Sheffield Almanac is a poem about the city I live in. It’s a sort of extended love song to Sheffield. But it’s not the early sort of love that’s unambiguously besotted. It’s the gnarled and fibrous sort of love with a few chunks taken out of it. Over the years it’s been put under pressure and survived, but there’s no knowing yet whether this will have proved its resilience or fatally weakened it. Amid the fog of war and the ambiguities of ageing, this love is sometimes lost sight of altogether.
In early 2015 I started the business of physically writing up Sheffield Almanac on the computer, choosing phrases, crafting the form. Only when this process was nearly finished did I realise that for much of the preceding decade I’d already been writing Sheffield Almanac in my head. Walking round the city, looking, listening and thinking, I was unwittingly storing up the observations and ideas that would feed into the poem. Giving them form was a process of channelling memory.
The love began on my visits to Sheffield in the early 2000s, knocking off from my job in Birmingham on a Friday evening, legging it to New Street station, suffocating for an hour in a dangerously overcrowded vestibule, meeting mates and queueing for Offbeat at Sheffield Students’ Union, flinging our limbs around a tiny dancefloor in a flurry of hugs and glitter, cadging sleep on a sofa, recovering over a veggie fry-up, record shopping at Forever Changes, shuffling reluctantly at last back onto the train and a life in the midlands that was starting to disintegrate.
Sheffield Almanac’s form, discursive style and shifting focus between personal and political are borrowed from those of Louis MacNeice’s Autumn Journal. The lines vary in length but are held together by a rigid rhyme scheme. I think of this form like the string of a kite. You can wind out more string or lengthen the lines to give the kite some scope and play, and pull it back in to tighten up again. Without the rhyme the poem’s focus would tend to blur and drift; without the string the kite would be blown away and lost.
I stayed in Birmingham by default after moving there in the 1990s to study. I found friends there who I’d have laid down my life for, but somehow never developed the same love for the city itself. There was something about the landscape or the culture that failed to engage my sense of belonging. The more I saw of Sheffield, the more it felt like home. I sometimes wondered whether I was overplaying its charm because I was fed up and ready to reboot my life. But people said no, you’re right, it’s not like other cities.
The four chapters of Sheffield Almanac correspond to the seasons of the year. After much umm-ing and ah-ing I opted to begin with the autumn chapter. Over recent decades Sheffield has experienced calamitous losses in its traditional manufacturing industries but grown as a university city. The academic year begins with the autumn chapter. The leaves fall and decay but when the young people come back the city returns to life. I’m a bit sentimental about that and their year-zero brightnesses. I’m exhilarated by that contradiction.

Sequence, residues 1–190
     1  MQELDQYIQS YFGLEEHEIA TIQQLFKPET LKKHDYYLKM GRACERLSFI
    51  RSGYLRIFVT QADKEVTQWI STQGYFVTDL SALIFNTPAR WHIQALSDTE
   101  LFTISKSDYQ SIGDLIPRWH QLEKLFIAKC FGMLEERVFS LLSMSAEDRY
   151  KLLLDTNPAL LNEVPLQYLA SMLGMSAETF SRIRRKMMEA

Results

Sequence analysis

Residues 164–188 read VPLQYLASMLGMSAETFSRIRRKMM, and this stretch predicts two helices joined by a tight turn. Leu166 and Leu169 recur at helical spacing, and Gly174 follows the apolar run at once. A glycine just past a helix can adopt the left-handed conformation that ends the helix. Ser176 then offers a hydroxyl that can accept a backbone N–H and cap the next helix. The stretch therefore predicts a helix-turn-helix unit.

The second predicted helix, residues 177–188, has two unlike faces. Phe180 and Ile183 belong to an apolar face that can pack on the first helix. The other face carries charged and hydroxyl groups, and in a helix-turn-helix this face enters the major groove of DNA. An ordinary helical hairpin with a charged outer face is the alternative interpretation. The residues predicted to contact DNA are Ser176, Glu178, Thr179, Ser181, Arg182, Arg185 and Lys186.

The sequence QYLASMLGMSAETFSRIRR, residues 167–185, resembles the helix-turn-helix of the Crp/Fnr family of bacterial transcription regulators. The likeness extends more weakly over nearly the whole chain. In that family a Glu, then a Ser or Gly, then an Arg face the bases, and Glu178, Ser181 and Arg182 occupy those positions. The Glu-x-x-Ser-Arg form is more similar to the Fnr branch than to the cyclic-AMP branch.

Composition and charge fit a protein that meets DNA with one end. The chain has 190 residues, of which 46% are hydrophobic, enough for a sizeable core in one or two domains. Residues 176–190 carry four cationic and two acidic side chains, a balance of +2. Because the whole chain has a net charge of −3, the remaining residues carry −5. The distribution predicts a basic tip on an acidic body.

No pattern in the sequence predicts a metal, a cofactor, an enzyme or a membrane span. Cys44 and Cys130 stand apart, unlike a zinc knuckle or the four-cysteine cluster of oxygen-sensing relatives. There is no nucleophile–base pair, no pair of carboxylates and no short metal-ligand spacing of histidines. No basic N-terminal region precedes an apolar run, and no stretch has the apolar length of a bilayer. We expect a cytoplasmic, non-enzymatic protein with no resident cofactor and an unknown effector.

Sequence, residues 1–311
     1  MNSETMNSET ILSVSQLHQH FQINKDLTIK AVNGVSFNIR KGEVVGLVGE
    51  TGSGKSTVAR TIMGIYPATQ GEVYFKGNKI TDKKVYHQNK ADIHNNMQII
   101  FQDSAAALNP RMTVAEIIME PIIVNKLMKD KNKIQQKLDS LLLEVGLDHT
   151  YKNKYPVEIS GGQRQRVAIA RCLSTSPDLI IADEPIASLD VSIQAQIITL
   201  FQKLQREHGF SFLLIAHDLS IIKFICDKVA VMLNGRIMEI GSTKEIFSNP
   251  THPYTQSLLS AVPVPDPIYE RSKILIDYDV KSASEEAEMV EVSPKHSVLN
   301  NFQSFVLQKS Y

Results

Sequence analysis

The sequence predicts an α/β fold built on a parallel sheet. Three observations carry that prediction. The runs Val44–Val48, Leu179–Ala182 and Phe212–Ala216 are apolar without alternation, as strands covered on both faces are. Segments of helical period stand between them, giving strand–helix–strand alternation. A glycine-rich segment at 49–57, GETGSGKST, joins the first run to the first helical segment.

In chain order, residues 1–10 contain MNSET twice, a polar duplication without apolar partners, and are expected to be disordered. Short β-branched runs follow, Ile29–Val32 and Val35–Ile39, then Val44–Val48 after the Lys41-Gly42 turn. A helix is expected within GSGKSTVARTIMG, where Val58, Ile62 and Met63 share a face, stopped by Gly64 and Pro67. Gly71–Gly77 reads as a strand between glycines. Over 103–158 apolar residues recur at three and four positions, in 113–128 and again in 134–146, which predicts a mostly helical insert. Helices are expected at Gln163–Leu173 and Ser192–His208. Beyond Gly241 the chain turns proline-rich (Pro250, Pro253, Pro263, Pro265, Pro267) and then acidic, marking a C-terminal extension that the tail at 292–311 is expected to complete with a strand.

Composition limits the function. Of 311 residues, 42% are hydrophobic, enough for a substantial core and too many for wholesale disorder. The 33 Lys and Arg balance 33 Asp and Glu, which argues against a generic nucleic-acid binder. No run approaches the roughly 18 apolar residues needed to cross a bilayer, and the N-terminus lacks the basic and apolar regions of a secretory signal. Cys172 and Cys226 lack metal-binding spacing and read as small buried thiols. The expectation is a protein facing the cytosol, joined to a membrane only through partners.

Sheffield is not like other cities because it doesn’t bang on about being the world capital of this or a global centre for that. Because a vacant building or patch of brownfield is allowed to stand and recover itself for a while before the rushing in of capital, which abhors a vacuum. Because there may or may not be seven hills: nobody has got round to working it out properly. Because its physical and social landscapes are not lacerated by a grid of enormous fuck-off motorways. Because everything is understated. Because so much edgeland.
The Almanac is about the differences between Sheffield and other places, and how they cut both ways. Those hills make for many beautiful views but wreak economic havoc when it snows. It’s also about the differences within Sheffield, between the versions of the city perceived by various groups. Students, workers, different social classes. Native Sheffielders and incomers. The poorer north and east of the city and its more comfortable south and west. The remembered and imagined Sheffields we overlay onto the present landscape. And it’s about cities and couples and their pursuit of new purpose and regeneration after the heydays of industry and love.
I read and wrote some poetry in my youth, and then gave up almost entirely on both for at least a couple of decades, because I thought there was no place for the sort of poetry I wanted to read and write. I realised this was wrong in 2014 when I discovered Longbarrow Press through Matthew Clegg’s West North East collection and the anthology The Footing. To my great pride and near disbelief, Sheffield Almanac is published this month by Longbarrow Press.